Despite the increase of live poultry-related Salmonella outbreaks, environmental sampling at hatcheries is not routinely conducted leaving the outbreak source unknown.
The United States has seen 70 Salmonella outbreaks linked to contact with live poultry between 2000-2017, resulting in 4794 cases, according to reports from the US Centers for Disease Control and Prevention (CDC). The most recent surveillance reports indicate that live poultry-related outbreaks are on the rise with 9 outbreaks reported in 2016 and 10 reported in 2017.
Despite the frequency of live poultry-related outbreaks, environmental sampling is not routinely conducted during outbreak investigations. As a result, the source of the outbreak is rarely identified.
However, on June 12, 2018, the Michigan Department of Health and Human Services (MHHS) requested assistance from the CDC to investigate Salmonella risk factors at a mail-order hatchery. The findings of the investigation were published in the CDC’s Morbidity and Mortality Weekly Report.
Prior to the launch of the environmental sampling, the hatchery was identified as a potential outbreak source after traceback linked 24 clinical cases of Salmonella enterica serotype Enteritidis with exposure to live poultry from the hatchery. Whole genome sequencing found that isolates from ill individuals were closely related to isolates found in shipping containers from the hatchery that had been distributed to retail outlets in several states.
Environmental sample collectors selected 4 priority areas for the investigation, including the hatching environment, pre-shipping area, resident breeding stock environment, and trucks used for on-site and off-site transportation.
The samples were transported off-site to the MHHS and were characterized through polymerase chain reaction and pulsed-field gel electrophoresis and whole genome sequencing.
Salmonella was identified in 4 (9%) of the 45 samples collected. Three isolates collected from the same building were identified as Salmonella enterica serotype Typhimurium. The other isolate—which was taken from the pre-shipping area—was closely related to the outbreak strain (differing by 1-3 alleles).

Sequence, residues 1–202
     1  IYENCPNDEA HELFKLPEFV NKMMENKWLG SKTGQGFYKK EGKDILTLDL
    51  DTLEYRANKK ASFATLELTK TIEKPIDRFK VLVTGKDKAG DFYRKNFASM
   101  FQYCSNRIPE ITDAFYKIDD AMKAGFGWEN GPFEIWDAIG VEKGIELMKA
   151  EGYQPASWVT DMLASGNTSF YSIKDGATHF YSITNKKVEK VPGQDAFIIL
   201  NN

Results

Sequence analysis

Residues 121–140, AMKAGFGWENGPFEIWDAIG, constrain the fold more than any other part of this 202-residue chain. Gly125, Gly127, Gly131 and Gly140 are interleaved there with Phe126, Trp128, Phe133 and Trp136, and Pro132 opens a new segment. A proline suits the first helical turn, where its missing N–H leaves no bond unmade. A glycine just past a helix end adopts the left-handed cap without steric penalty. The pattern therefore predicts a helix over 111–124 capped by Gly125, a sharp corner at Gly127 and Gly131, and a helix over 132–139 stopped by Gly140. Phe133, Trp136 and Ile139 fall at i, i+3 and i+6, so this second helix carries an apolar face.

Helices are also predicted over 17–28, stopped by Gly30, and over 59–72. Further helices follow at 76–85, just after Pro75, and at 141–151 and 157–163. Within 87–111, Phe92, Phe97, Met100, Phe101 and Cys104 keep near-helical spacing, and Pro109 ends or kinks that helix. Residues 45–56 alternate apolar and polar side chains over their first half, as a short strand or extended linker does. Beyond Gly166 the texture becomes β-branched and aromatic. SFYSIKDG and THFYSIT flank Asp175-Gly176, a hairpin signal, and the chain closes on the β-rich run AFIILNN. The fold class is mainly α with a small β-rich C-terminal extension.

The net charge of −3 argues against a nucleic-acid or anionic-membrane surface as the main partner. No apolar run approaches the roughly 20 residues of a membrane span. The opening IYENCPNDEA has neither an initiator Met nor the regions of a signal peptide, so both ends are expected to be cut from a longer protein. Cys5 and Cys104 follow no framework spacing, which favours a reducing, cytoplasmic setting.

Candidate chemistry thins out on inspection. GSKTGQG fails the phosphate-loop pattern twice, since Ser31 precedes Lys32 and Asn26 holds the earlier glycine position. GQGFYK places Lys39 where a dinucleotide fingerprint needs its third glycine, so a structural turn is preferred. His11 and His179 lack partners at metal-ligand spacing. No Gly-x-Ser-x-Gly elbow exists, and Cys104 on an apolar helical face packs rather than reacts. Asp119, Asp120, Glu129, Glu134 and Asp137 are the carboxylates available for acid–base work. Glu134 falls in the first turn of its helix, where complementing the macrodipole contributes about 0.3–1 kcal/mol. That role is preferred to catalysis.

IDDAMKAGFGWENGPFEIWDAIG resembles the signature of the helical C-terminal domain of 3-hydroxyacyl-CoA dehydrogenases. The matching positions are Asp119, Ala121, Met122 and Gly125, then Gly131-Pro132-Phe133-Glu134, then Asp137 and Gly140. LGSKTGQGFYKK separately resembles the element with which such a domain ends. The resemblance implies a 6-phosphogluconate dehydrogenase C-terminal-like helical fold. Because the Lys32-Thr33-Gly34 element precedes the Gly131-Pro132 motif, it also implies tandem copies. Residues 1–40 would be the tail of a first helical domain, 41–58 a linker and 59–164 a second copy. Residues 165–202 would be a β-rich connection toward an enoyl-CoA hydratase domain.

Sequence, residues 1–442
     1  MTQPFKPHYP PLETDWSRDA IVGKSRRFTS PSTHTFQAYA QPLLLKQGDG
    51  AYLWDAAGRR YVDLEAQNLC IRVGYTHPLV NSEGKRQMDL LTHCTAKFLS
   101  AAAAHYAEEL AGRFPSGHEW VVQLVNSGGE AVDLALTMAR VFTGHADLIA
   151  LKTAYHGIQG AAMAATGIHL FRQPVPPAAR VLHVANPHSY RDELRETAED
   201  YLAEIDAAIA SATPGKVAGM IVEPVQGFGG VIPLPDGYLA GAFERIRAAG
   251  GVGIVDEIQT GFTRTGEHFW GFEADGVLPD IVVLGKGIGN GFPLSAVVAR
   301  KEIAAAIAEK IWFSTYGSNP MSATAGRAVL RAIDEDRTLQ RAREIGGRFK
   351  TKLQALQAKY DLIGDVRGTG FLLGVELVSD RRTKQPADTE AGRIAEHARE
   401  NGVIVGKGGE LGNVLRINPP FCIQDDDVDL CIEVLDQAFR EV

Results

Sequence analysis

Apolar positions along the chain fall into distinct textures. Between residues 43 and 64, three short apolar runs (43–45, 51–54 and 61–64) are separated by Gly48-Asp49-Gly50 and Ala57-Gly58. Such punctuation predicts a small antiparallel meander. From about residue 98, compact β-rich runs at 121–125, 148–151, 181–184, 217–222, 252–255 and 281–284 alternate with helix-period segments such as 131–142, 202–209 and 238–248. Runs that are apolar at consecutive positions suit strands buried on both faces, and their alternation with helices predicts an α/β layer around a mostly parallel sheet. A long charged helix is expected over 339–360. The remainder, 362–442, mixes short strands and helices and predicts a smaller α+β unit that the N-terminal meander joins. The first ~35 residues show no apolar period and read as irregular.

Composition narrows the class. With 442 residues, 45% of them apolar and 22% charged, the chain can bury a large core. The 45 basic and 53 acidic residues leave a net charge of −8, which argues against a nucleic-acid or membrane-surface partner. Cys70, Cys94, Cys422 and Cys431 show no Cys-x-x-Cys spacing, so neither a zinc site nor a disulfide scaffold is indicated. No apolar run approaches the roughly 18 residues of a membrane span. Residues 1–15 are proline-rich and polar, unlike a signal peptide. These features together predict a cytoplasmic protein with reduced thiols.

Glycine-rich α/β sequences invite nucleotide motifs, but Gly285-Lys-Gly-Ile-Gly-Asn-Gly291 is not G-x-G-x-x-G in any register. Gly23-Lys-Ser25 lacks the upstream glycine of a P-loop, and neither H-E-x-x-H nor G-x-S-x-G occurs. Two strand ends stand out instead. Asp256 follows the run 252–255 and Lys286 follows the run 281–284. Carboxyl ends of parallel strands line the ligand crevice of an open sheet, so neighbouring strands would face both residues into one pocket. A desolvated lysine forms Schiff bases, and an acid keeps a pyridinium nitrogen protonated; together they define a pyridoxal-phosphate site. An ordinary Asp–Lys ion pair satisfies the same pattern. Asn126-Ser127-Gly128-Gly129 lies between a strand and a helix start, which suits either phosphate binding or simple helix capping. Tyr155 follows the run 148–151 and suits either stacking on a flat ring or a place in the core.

The investigation confirmed the presence of the outbreak strain at the hatchery and the authors of the report indicated that these results promote the addition of environmental sampling at poultry hatcheries part of an outbreak response.
Current CDC guidance states that children under 5 should be under adult supervision when interacting with live poultry. All individuals should wash their hands thoroughly after contact with backyard flocks and set aside a pair of shoes to wear only when handling live poultry.
The CDC also released a guidance to mail order hatcheries in 2014 advising that hatcheries should provide health-related information to owners and potential buyers of birds, including info about preventing Salmonella. Furthermore, the US Department of Agriculture offers a voluntary certification program that certifies that mail order hatcheries are monitored for Salmonella bacteria.
The most recent outbreaks associated with live poultry were investigated by the CDC and state health departments in 2018 and were linked with several different strains of Salmonella, including Salmonella Seftenberg, Salmonella Montevideo, Salmonella Infantis, Salmonella Enteritidis, Salmonella Indiana, and Salmonella Litchfield.
In total, 334 individuals from 47 states were infected between February 15, 2018, and August 10, 2018. The outbreaks were resolved by the CDC on September 13, 2018.
As part of the epidemiological investigations for these outbreaks, health officials conducted interviews with 211 ill individuals. A total of 132 individuals (63%) reported having contact with chicks or ducklings obtained from feed supply stores, websites, hatcheries, or from relatives in the week prior to falling ill.
To view state-by-state case counts from the multistate outbreaks of Salmonella infections linked to contact with live poultry in backyard flocks in 2018, check out the Contagion® Outbreak Monitor.